Technological advance has provided both consumers and businesses with a variety of shiny new gadgets and services. However, as the rise of cyberattacks has underlined, it has also provided society’s undesirable elements new means of creating nuisance or committing crime.
The growing popularity of unmanned aerial vehicles (UAVs) — aka drones — is a case in point. Their powerful video cameras open up a whole new world of photographic opportunities. Insurers and loss adjusters are finding them a valuable aid in claims investigation. Unfortunately, drones are also increasingly intruding on people’s privacy, crashing into buildings and intruding on aircraft flight paths.
The problem of rogue drones is on the rise on both sides of the Atlantic. In the UK, the British Airline Pilots Association (BALPA) this month called for research by the government and safety regulator the Civil Aviation Authority (CAA) into the impact of a drone hitting a plane or helicopter, following a spate of near-misses at Heathrow and other UK airports.
BALPA believes that the impact of a drone colliding with an aircraft could smash the windscreen or, worse, that their lithium batteries could trigger an engine fire.
Even more alarming was the January report “Hostile Drones: The Hostile Use of Drones by Non-State Actors Against British Targets” published by security think-tank Oxford Research Group, which warned that “drones are a game changer in the wrong hands.”
The report assessed the design and capabilities of more than 200 unmanned aerial, ground and marine systems and also how drones had been used by activists, terrorists and organised crime groups.
“Drones are a game changer in the wrong hands.”
“Drones are being used by individuals beyond authorized and accepted use,” the report’s authors concluded. “There is particular concern [they] will be used as affordable and effective airborne improvised explosive devices (IEDs), as well as concern regarding the decentralisation and democratisation of intelligence, surveillance and reconnaissance (ISR) capabilities.”
The list of potential targets for flying bomb attacks included foreign embassies, nuclear power stations, a G7 summit or the prime minister’s car. “The UK government, police, military and security services will need to introduce countermeasures to reduce or mitigate the risk of commercially available drones being used for attack,” the report concluded.
Those recommended included the licensing of drones and defenses such as laser systems to protect targets, radio frequency jammers and authorization for the police and army to shoot down any suspect drone.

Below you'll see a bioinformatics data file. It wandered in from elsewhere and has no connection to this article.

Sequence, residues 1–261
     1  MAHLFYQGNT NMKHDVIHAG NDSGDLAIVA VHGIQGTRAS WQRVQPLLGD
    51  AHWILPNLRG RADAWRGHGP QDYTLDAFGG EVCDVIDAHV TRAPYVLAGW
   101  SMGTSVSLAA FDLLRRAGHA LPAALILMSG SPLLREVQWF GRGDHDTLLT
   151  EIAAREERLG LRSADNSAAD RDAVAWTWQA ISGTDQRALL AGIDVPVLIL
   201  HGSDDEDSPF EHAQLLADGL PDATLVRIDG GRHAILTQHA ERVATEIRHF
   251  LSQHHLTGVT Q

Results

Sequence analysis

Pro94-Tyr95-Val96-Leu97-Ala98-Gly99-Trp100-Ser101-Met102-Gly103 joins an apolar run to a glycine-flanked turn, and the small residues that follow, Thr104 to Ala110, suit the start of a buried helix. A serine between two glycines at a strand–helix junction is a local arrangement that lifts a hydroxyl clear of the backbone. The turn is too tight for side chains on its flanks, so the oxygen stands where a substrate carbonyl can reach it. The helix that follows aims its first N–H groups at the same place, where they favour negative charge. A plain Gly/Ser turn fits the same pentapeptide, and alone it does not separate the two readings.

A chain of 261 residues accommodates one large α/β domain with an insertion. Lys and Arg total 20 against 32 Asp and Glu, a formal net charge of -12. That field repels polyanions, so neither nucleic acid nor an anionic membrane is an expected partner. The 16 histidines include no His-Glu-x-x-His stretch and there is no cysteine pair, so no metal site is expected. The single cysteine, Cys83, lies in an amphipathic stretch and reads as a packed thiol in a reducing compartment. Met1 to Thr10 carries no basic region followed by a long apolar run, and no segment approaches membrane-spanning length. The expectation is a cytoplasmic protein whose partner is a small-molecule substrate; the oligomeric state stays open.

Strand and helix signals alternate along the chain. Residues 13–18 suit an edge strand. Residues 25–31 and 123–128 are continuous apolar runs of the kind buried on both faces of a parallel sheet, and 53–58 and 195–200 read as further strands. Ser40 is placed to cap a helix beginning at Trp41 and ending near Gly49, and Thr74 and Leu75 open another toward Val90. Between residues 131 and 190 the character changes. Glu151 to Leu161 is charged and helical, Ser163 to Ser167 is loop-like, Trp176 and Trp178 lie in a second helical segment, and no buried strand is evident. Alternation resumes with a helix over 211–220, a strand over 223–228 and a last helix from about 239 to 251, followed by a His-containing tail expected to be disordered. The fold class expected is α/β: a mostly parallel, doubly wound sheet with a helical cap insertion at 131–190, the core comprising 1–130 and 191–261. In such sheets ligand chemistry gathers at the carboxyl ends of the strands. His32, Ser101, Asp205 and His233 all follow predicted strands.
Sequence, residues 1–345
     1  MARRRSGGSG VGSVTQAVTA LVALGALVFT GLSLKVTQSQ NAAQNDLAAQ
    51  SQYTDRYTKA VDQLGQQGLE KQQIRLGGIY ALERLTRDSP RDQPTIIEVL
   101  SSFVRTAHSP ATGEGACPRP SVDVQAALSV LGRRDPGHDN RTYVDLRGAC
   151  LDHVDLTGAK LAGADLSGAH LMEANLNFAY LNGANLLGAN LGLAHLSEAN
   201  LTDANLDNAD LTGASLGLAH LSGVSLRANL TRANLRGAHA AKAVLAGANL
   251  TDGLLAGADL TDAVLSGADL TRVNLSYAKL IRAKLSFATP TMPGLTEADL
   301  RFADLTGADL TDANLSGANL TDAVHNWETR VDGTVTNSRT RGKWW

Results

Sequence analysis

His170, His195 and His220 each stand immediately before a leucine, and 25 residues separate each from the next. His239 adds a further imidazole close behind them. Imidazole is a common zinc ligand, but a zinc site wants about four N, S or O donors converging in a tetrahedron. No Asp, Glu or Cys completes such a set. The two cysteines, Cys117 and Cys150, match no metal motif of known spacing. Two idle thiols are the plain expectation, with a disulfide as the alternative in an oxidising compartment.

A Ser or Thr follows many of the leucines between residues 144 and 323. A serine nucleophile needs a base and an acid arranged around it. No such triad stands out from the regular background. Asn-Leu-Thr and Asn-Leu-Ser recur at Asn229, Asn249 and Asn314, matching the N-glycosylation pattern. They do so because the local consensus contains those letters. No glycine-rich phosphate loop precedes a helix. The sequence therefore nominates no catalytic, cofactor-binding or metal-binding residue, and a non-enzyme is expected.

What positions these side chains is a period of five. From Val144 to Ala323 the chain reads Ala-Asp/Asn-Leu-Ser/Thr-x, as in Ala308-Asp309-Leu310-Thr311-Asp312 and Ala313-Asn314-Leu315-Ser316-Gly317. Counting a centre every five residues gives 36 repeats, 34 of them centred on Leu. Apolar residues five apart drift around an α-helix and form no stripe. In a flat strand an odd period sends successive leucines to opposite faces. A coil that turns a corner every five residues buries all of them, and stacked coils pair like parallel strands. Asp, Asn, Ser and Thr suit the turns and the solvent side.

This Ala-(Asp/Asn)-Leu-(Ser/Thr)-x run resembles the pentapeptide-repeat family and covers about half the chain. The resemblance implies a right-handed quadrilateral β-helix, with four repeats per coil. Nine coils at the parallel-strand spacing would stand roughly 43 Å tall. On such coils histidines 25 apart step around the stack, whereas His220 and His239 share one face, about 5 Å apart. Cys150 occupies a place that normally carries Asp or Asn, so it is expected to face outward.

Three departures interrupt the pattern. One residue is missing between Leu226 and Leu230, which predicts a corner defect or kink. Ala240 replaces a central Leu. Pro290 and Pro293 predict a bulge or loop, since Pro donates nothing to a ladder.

From Eagles to Bazookas
Meanwhile, initiatives to defend against rogue drones are a mixture of the surreal and James Bond movie. Police in the Netherlands have joined forces with Guard From Above, which describes itself as “the first company in the world to use birds of prey to intercept hostile drones”.
GFA held an international press day earlier this month to demonstrate how trained eagles can be used to snatch a rogue drone in mid-air. This company assures doubters that this “lo-tech solution to a hi-tech problem” is perfectly feasible as the birds’ “incredible visual acuity” enables them to hit the drone without being injured by the rotors.
A more hi-tech solution has been developed by the European aerospace conglomerate Airbus, which last September unveiled its counter-UAV system. Based on a combination of radars, infrared cameras and direction finders, the system can identify possible rogue drones from a distance of up to 10 kilometres (6 miles), determine their threat potential and bring them down if needed.
“Furthermore, the direction finder tracks the position of the pilot who subsequently can be arrested,” Toulouse, France-based Airbus stated. “Since the jamming technology contains versatile receiving and transmitting capabilities, more sophisticated measures like remote control classification and global positioning system [GPS] spoofing can be utilized as well. This allows effective and specific jamming and also a controlled takeover of the UAV.”
More 007-type technology has come from this month’s UK launch of the SkyWall 100 anti-drone net bazooka. Developed by the Northumberland-based start-up OpenWorks Engineering, the concept behind the system is to capture a rogue drone in a net and deliver it intact with a parachute, via a combination of compressed gas-powered smart launcher and an intelligent programmable projectile.
SkyWall 100 is the first release in a planned series of systems; described as a “man-portable handheld launcher that is highly mobile and a cost effective way of dealing with the drone threat.” In the pipeline are SkyWall 200, a semi-permanent device that can be carried by two people and the SkyWall 300, a permanent installation with a fixed mechanical turret.
Each of these initiatives could be contenders for the S100,000 prize offered last November by MITRE Corp for novel ways to detect and identify suspicious small drones and “interdict those that present a safety or security threat”. Participants had until early February to submit a white paper outlining their approach and the most promising entries will be demonstrated early in the fall.